“We just basically follow the rules. We aren’t the ones that implement the rules or put them in place. That is done honestly by the member schools in the CIF Southern Section and is voted on by the principals. Last time I checked, we didn’t even get a vote on transfer eligibility rules and how it’s going to all play out. …Whenever the Trinity League has an idea or an option to do something people kind of run the other way. If the Trinity League wants this then we probably don’t want it, so sometimes I think we’re on the other side of things and it becomes difficult for our league because they think that anything we agreed to is going to give us a competitive advantage.
“At the end of the day, all six of our schools lose as many kids as we gain and a cultural fit is important. My daughters are going to go to the school where I feel is in their best interest. … I think as long as the principals, whether it’s public or private, and the CIF Southern Section work together to try and make sure that we’re enforcing the rules which are voted on by those principals of the member schools we’re doing the right things. And the last time I checked transferring is legal and we’re going to continue to welcome kids into our school and our program, and that’s no different whether it’s at the high school level, college level or free agency in the NFL level. It’s all over the place and we as coaches have rights to move from school to school; many of us have and kids have that right as well.”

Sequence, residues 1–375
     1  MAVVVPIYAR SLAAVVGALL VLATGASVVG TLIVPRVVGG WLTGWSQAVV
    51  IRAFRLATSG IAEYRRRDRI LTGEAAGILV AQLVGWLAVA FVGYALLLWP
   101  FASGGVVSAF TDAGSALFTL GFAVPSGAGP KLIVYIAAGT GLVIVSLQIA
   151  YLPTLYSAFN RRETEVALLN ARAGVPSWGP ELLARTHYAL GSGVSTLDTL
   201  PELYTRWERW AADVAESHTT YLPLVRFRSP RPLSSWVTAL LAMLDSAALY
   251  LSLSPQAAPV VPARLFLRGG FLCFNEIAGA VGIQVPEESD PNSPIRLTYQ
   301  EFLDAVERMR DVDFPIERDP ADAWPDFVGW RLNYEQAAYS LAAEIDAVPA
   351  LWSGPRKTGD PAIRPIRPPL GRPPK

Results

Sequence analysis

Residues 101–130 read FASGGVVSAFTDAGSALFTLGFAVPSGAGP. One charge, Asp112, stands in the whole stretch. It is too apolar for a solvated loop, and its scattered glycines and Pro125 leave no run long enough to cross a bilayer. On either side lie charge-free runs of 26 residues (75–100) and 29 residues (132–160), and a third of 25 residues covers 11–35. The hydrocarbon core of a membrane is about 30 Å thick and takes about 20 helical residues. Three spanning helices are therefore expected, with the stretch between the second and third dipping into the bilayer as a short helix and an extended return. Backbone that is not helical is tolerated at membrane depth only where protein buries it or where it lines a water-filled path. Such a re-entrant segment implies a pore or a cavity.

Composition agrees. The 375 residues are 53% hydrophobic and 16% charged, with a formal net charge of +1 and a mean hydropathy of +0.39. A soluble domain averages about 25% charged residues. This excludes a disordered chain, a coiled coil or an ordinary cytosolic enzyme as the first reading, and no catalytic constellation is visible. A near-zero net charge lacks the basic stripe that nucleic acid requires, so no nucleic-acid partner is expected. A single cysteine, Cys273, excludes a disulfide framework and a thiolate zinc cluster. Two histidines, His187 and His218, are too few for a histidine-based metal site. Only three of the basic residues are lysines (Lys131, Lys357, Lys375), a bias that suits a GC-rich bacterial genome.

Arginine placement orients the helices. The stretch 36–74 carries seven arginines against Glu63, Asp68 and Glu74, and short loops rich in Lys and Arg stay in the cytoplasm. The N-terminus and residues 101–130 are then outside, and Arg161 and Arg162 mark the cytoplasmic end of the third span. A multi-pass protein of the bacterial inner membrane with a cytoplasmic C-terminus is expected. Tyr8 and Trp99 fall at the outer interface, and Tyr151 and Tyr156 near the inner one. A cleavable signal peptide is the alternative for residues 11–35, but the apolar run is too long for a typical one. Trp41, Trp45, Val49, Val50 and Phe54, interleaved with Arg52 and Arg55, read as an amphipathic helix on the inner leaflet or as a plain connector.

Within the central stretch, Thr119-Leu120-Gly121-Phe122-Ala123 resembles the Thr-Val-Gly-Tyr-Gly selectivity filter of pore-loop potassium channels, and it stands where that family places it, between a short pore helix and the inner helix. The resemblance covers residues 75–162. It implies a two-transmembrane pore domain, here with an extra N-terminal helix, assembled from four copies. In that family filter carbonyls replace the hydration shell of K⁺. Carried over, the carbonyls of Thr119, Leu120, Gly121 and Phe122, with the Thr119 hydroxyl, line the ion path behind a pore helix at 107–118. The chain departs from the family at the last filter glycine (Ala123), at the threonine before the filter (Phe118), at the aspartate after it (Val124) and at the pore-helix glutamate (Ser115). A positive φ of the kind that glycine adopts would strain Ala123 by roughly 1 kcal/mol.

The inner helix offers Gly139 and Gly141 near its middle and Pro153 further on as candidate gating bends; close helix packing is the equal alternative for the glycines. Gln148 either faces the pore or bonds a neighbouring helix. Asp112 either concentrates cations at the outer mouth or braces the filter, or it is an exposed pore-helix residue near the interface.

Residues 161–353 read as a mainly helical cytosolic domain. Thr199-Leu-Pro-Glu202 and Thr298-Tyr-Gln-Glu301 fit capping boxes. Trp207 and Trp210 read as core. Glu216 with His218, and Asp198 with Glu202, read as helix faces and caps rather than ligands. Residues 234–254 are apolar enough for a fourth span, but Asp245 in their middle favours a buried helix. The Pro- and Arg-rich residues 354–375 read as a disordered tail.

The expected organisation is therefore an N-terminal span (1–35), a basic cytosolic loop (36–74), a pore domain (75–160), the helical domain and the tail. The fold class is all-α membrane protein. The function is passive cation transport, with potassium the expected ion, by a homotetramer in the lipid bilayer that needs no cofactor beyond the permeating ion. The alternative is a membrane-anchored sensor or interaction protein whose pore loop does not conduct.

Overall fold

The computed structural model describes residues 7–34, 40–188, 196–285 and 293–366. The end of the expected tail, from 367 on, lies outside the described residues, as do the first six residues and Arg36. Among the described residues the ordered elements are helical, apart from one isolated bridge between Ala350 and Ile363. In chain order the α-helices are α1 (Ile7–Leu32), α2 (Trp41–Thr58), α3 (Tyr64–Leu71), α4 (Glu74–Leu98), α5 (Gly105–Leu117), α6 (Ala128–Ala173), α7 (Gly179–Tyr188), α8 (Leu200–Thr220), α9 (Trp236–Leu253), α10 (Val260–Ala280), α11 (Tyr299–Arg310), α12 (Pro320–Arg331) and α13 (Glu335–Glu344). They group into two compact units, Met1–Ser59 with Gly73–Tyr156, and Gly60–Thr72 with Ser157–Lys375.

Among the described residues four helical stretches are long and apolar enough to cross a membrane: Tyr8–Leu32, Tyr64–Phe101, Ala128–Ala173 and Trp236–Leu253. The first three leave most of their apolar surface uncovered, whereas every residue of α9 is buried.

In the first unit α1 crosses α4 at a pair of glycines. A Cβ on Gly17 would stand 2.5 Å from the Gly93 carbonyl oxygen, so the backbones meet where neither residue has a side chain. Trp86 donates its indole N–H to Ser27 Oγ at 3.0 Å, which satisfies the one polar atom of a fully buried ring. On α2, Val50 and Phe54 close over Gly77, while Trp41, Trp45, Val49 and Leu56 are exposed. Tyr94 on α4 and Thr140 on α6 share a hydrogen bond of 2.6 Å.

Steve Hagerty – Bishop Amat
“I would love to see it tighten up. I think one of the biggest issues, probably bigger than the social media or the phones, and someone alluded to it earlier, sometimes when things don’t go well, the quickest and easier answer is to move on and I feel like for the kids developmentally at that age, it’s really important for them to figure things out and fight through them and they’ll uncover a different person on the other side of it all. Sometimes we’re skipping that, we’re circumventing that. That’s one of the values of football or of any sport … you’ve got to go back out there and fight your way through it. … I would like to see kids have to stay where they’re at after a certain point and learn how to fight and become resilient.”
Troy Thomas – Servite
“I think kids should be able to go to school where they want to go to school.”
Brent Vieselmeyer – Santa Margarita
“When I went to Colorado, there it’s really school choice. You can pretty much go where you want and what I found was that it was a really great thing for the kids. You saw kids grow and get to a place where it was a good cultural fit for them. I think it’s great. It really helps schools become better. There is a little bit of a competition to have the best educational program for everyone. That just helps our kids and there’s nothing wrong with that.”
Pat Harlow – JSerra
“I don’t have an idea about what the legislation should look like but I think all of us up here are parents as well and I have a hard time when somebody legislates what I think is best for my son or daughter. That’s really what it comes down to. If I think my son should be at School A and the legislation says he can’t be at School A then you’re taking away my parental rights. … I have a hard time with somebody coming in and telling a parent what’s best for their child.”